When it comes to tandem skydiving safety, it is, in essence, “as safe as possible”. Although it sounds like a cliché answer, there are so many safeguards that reduce the risk that skydiving is a very safe practice for most people.
More than a risky practice, skydiving is a thrilling adrenaline-fueled sport that thousands of people around the globe enjoy every year. Do you want hard facts to prove these statements? Then continue to read.
How many people die from skydiving?
People can, unfortunately, die when skydiving, but that usually happens when they are performing advanced maneuvers. However, normal skydiving involving new students or advanced skydivers doing ordinary solo jumps causes far fewer problems. Let’s look at the USPA statistics to help us answer this question in greater detail:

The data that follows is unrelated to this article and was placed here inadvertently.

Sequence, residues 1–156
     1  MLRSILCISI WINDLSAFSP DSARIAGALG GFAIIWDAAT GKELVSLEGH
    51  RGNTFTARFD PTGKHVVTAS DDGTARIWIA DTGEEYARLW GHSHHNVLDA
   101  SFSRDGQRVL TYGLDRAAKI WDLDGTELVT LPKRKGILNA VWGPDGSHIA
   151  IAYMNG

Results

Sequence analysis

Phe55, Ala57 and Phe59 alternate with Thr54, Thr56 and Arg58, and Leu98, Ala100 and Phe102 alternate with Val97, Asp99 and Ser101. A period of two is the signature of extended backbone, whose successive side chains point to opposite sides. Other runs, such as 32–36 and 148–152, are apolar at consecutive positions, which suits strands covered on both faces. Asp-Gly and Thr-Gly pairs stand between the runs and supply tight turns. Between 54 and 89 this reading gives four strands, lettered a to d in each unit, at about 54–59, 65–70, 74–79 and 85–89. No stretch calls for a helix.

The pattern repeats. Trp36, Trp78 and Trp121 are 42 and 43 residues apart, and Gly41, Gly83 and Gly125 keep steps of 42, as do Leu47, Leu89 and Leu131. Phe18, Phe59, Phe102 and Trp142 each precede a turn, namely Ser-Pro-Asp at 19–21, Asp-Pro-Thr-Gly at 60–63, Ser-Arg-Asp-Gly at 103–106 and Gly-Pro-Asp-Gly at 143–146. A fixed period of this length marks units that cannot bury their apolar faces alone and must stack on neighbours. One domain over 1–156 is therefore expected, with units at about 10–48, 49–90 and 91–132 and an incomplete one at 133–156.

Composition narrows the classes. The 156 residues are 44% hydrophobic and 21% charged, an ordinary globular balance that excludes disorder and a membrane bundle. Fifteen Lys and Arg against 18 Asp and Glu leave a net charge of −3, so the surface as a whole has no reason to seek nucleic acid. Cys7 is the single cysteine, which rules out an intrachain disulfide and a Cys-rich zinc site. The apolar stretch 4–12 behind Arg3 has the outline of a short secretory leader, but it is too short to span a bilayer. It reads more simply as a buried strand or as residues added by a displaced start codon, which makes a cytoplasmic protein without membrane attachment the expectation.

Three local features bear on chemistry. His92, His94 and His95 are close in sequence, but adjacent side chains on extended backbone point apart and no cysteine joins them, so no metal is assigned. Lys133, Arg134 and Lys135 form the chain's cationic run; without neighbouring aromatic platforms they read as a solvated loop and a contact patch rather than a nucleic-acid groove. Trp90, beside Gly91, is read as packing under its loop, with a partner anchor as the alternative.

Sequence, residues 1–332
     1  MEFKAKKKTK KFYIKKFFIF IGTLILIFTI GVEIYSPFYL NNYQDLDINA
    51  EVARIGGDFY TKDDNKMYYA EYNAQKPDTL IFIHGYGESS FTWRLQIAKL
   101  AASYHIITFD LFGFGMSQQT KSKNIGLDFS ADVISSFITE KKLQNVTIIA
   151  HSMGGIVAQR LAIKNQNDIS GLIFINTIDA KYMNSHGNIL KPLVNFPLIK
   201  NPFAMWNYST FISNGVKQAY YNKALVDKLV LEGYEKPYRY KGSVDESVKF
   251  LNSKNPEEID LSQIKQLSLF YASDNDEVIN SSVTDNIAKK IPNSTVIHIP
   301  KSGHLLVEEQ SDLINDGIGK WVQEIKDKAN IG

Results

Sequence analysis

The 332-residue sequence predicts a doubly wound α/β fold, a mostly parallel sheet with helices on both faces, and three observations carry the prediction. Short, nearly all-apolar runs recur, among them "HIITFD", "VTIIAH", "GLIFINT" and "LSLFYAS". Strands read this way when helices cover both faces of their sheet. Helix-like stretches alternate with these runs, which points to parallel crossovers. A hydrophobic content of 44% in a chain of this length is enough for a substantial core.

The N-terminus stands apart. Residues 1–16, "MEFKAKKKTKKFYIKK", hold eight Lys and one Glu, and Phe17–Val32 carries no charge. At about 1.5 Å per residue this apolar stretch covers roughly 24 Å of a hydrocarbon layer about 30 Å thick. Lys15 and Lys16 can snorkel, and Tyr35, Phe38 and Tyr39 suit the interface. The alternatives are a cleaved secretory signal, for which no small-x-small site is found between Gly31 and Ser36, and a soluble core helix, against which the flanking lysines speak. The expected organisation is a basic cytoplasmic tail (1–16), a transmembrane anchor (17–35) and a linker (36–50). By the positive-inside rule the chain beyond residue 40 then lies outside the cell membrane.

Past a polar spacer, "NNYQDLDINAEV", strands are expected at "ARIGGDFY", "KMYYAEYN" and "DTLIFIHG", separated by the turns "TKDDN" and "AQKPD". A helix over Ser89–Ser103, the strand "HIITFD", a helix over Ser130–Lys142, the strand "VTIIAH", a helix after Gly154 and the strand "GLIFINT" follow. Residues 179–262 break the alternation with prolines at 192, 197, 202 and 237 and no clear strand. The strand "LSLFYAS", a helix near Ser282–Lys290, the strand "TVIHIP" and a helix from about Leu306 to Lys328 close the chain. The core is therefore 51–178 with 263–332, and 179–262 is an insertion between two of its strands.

In 2015, the USPA recorded 3.5 million skydive jumps, including both first tandem skydivers as well as experienced solo and AFF skydivers. 21 of those skydiving fatalities were recorded. This is a very low risk.
Tandem skydiving, where you are attached to an experienced instructor for your jump, has a higher safety rate with an average of 0.002 deaths per 1,000 jumps over the past 10 years. Statistics show that you are more likely to be stung or struck by lightning than to die.
What are the risks involved when parachuting?